COURT OF APPEALS OF WISCONSIN
Case No.: 99-0418-CR
†Petition for Review Filed
State of Wisconsin,
Thomas W. Koeppen,
Opinion Filed: May 17, 2000
Submitted on Briefs: April 13, 2000
JUDGES: Nettesheim, Anderson and Snyder, JJ.
ATTORNEYS: On behalf of the defendant-appellant, the cause was submitted on the briefs of Richard L. Zaffiro of Wauwatosa.
ATTORNEYS: On behalf of the plaintiff-respondent, the cause was submitted on the brief of Diane M. Welsh, assistant attorney general, and James E. Doyle, attorney general.
2000 WI App 121
COURT OF APPEALS
DATED AND FILED
May 17, 2000
Cornelia G. Clark
Clerk, Court of Appeals
This opinion is subject to further editing. If published, the official version will appear in the bound volume of the Official Reports.
A party may file with the Supreme Court a petition to review an adverse decision by the Court of Appeals. See Wis. Stat. § 808.10 and Rule 809.62.
STATE OF WISCONSIN IN COURT OF APPEALS
State of Wisconsin,
Thomas W. Koeppen,
Before Nettesheim, Anderson and Snyder, JJ.
¶1 ANDERSON, J.
Thomas W. Koeppen appeals from a judgment of conviction for failure to
comply with an officer while being taken into custody as a habitual offender
contrary to Wis. Stat. §§ 946.415 and
939.62(1)(b) (1997-98). Koeppen also appeals from an order denying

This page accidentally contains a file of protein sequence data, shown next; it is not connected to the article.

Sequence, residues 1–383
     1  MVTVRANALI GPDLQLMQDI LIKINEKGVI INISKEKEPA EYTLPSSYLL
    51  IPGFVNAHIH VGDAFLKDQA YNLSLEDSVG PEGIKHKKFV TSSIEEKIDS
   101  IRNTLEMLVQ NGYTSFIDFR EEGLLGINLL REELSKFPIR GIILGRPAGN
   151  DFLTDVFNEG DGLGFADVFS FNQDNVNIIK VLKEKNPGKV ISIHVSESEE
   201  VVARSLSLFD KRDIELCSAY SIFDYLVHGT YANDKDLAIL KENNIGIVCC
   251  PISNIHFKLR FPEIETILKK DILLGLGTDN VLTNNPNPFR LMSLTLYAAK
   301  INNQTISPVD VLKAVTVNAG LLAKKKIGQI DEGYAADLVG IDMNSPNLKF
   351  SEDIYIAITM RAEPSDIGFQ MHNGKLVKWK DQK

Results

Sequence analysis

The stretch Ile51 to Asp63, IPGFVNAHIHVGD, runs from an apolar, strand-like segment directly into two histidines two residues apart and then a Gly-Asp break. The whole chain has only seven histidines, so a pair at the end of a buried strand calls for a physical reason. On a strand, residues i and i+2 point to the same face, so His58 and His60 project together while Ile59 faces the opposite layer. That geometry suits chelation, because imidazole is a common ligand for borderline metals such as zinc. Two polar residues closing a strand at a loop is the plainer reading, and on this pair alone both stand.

his postconviction motion requesting a sentence modification because of a new
factor. He raises four arguments on
appeal. First, he argues that he was
denied his right to a unanimous jury verdict because the court instructed the
jury by using disjunctive language to describe the crime and did not require it
to agree on which act he committed.
Second, he contends that the trial court erred by: (1) admitting prior acts into evidence and
(2) concluding that he failed to demonstrate the existence of a new factor and, therefore, was not entitled to a modification of his sentence. Third, he challenges that the habitual offender portion of his conviction was not proven by the State. Finally, Koeppen argues that the evidence was insufficient to support the verdict.
¶2 Despite Koeppen’s contention that the disjunctive phrases in Wis. Stat. § 946.415 refer to factually distinct courses of conduct, we agree with the trial court that the disjunctive phrases indicate alternative means of committing each component of the crime. As such, the jury was only required to agree that Koeppen committed each component of the crime to satisfy his constitutional guarantee to a unanimous jury verdict. Because we also conclude that the trial court did not commit any errors, the habitual offender portion of Koeppen’s sentence was properly proven and sufficient evidence was present to support the jury’s guilty verdict, we affirm the judgment and the order.